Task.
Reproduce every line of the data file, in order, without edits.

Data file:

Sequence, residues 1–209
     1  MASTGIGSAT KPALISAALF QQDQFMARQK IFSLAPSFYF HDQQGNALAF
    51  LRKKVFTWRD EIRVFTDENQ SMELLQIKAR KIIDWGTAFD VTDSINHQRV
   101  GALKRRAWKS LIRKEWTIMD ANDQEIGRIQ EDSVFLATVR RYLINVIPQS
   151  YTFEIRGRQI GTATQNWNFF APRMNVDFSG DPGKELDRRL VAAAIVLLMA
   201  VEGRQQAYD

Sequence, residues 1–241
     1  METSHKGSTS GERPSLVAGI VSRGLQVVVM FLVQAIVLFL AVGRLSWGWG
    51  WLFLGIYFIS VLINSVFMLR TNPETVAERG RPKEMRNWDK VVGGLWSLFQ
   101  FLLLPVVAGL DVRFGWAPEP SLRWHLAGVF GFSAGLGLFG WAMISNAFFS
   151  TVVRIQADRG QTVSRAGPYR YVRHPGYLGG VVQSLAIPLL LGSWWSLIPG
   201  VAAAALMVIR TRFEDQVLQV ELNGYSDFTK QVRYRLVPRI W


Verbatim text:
Sequence, residues 1–209
     1  MASTGIGSAT KPALISAALF QQDQFMARQK IFSLAPSFYF HDQQGNALAF
    51  LRKKVFTWRD EIRVFTDENQ SMELLQIKAR KIIDWGTAFD VTDSINHQRV
   101  GALKRRAWKS LIRKEWTIMD ANDQEIGRIQ EDSVFLATVR RYLINVIPQS
   151  YTFEIRGRQI GTATQNWNFF APRMNVDFSG DPGKELDRRL VAAAIVLLMA
   201  VEGRQQAYD

Sequence, residues 1–241
     1  METSHKGSTS GERPSLVAGI VSRGLQVVVM FLVQAIVLFL AVGRLSWGWG
    51  WLFLGIYFIS VLINSVFMLR TNPETVAERG RPKEMRNWDK VVGGLWSLFQ
   101  FLLLPVVAGL DVRFGWAPEP SLRWHLAGVF GFSAGLGLFG WAMISNAFFS
   151  TVVRIQADRG QTVSRAGPYR YVRHPGYLGG VVQSLAIPLL LGSWWSLIPG
   201  VAAAALMVIR TRFEDQVLQV ELNGYSDFTK QVRYRLVPRI W